Scheduled Castes (SCs), Scheduled Tribes (STs) and, especially, Other Backward Classes (OBCs) are under-represented in the higher echelons of the government — Group A and Group B — and most of its institutions, including central universities.
This is the key finding from a set of most recent data obtained by The Indian Express under the Right to Information (RTI) Act from the Department of Personnel and Training (DoPT), UGC and the HRD Ministry.
This assumes significance at a time when the government has just enacted a Constitutional amendment earmarking 10 per cent quota for the poor among those who are not beneficiaries of reservation: 15 per cent for SCs, 7.5 per cent for STs and 27 per cent for OBCs.
The figures are stark when it comes to the 40 central universities, where OBC reservation is applicable only up to the level of Assistant Professor — but here, too, their share is almost half (14.38 per cent) of their legal entitlement.
Significantly, the number of Professors and Associate Professors in central universities appointed under OBC reservation: zero. They show that 95.2 per cent of Professors, 92.9 per cent of Associate Professors and 66.27 per cent of Assistant Professors are from the general category, which may also include SCs, STs and OBCs who have not availed the benefits of reservation.
In SC/ST, too, the numbers are telling:
* Of the 1,125 Professors, there are only 39 (3.47 percent) from SC and just 8 (0.7 percent) from ST.
* Among 2,620 Associate Professors, only 130 (4.96 per cent) are from SC and just 34 (1.3 per cent) from ST.
* Of the 7,741 Assistant Professors, 931 (12.02 per cent) are from SC, 423 (5.46 per cent) from ST and 1,113 (14.38 per cent) from OBC.
Even among non-teaching staff, only 8.96 per cent are SC, 4.25 per cent ST and 10.17 per cent OBCs. Data show that 76.14 per cent in this segment belong to the general category.
Responding to queries from The Indian Express under the RTI Act, the UGC provided data for central universities up to April 1, 2018; the HRD Ministry for its own staff up to January 1, 2018; Railways up to January 1, 2017; and, the DoPT for government departments for the year 2015.
The data show that of the 665 officers of Group A and Group B in the HRD Ministry, and its attached and subordinate offices, 440 (66.17 per cent) are from the general category, 126 (18.94 per cent) from SC, 43 (6.47 per cent) from ST and only 56 (8.42 per cent) from OBCs.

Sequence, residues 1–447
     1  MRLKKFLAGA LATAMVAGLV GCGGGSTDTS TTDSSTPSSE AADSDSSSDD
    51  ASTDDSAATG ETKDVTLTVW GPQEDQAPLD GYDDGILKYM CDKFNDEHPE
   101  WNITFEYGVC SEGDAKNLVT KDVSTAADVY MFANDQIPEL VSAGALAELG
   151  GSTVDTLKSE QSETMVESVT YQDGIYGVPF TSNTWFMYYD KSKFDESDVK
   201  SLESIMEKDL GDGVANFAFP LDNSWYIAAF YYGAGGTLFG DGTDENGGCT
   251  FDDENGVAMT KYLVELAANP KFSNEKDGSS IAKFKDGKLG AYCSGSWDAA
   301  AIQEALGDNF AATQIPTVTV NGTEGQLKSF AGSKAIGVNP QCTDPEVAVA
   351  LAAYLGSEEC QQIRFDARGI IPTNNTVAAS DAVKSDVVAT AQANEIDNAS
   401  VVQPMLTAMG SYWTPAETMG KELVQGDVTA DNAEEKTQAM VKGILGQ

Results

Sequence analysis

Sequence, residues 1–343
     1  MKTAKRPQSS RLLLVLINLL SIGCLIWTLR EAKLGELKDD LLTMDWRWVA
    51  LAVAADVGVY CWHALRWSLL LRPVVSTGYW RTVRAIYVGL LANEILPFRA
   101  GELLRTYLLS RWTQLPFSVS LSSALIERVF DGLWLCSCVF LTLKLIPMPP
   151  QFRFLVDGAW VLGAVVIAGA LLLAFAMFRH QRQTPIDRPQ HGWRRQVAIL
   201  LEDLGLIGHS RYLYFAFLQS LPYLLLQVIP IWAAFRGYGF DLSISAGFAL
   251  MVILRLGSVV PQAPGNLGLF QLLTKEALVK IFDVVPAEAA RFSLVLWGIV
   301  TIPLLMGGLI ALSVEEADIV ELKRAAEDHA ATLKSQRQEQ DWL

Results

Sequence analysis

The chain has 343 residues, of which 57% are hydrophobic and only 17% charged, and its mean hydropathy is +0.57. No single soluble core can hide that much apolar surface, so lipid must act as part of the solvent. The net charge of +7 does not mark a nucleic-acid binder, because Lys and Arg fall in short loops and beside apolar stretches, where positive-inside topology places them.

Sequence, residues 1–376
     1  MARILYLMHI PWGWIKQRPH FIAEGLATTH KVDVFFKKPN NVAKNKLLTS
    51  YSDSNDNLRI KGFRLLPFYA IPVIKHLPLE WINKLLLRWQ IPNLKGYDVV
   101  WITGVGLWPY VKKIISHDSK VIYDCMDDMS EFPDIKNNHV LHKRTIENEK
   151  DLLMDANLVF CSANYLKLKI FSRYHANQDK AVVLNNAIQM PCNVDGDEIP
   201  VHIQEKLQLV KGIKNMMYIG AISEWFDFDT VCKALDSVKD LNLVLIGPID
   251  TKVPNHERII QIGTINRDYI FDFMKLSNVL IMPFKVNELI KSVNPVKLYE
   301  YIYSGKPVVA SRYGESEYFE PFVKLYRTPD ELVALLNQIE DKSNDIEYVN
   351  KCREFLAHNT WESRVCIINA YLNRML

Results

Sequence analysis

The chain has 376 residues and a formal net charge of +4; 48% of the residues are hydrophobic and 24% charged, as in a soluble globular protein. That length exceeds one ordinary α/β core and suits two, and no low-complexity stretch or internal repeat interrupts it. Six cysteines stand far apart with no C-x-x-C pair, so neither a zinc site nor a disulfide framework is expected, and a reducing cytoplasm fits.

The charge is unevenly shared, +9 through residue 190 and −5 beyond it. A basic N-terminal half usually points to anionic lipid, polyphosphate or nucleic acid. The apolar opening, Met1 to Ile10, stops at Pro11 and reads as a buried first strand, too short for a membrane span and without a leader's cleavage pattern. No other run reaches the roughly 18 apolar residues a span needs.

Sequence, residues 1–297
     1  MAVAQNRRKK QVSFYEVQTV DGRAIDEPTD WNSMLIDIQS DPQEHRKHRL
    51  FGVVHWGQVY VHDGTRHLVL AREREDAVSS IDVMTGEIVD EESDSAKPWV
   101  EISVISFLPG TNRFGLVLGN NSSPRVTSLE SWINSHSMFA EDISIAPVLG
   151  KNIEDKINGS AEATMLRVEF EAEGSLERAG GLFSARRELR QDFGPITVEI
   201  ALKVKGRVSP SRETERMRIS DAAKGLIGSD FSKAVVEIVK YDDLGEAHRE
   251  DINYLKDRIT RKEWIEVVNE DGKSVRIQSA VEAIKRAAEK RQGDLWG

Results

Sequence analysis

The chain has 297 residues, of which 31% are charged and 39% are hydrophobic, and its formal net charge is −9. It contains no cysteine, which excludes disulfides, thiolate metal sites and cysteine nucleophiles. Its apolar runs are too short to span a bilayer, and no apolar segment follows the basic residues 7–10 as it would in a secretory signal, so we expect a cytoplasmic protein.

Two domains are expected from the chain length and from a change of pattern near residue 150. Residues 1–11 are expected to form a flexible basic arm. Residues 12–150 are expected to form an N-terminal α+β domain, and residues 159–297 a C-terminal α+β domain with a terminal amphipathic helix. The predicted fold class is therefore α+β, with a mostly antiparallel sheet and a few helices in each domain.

DoPT’s data also show that representation from reserved categories in Group A and Group B is very low in comparison to their entitlement.
Among the other central government departments, the representation of OBCs in Group A and Group B is among the worst in the Railways, which is India’s largest employer. The data show that among the 16,381 officers of Group A and Group B, only 1,319 (8.05 per cent) are from OBCs.
Under the Central Civil Services (Classification, Control and Appeal) Rules, 1965, all central government posts are classified under four categories, with Group A at the top and Group D at the lowest rung.
Group A includes all the three all-India services and covers senior management positions in ministries/departments and field organisations. The middle and junior levels of Group A, alongwith gazetted Group B officers constitute the middle management, followed by Group B non-gazetted officers.
According to the 7th Pay Commission report, of the 33.02 lakh civilian workforce in the central government, 8 per cent falls in Group B and 3 per cent in Group A. Primarily, selection for Group A services is carried out by the Union Public Service Commission (UPSC) and for Group B by the Staff Selection Commission (SSC).
(Tomorrow: The glimmer, in banks)
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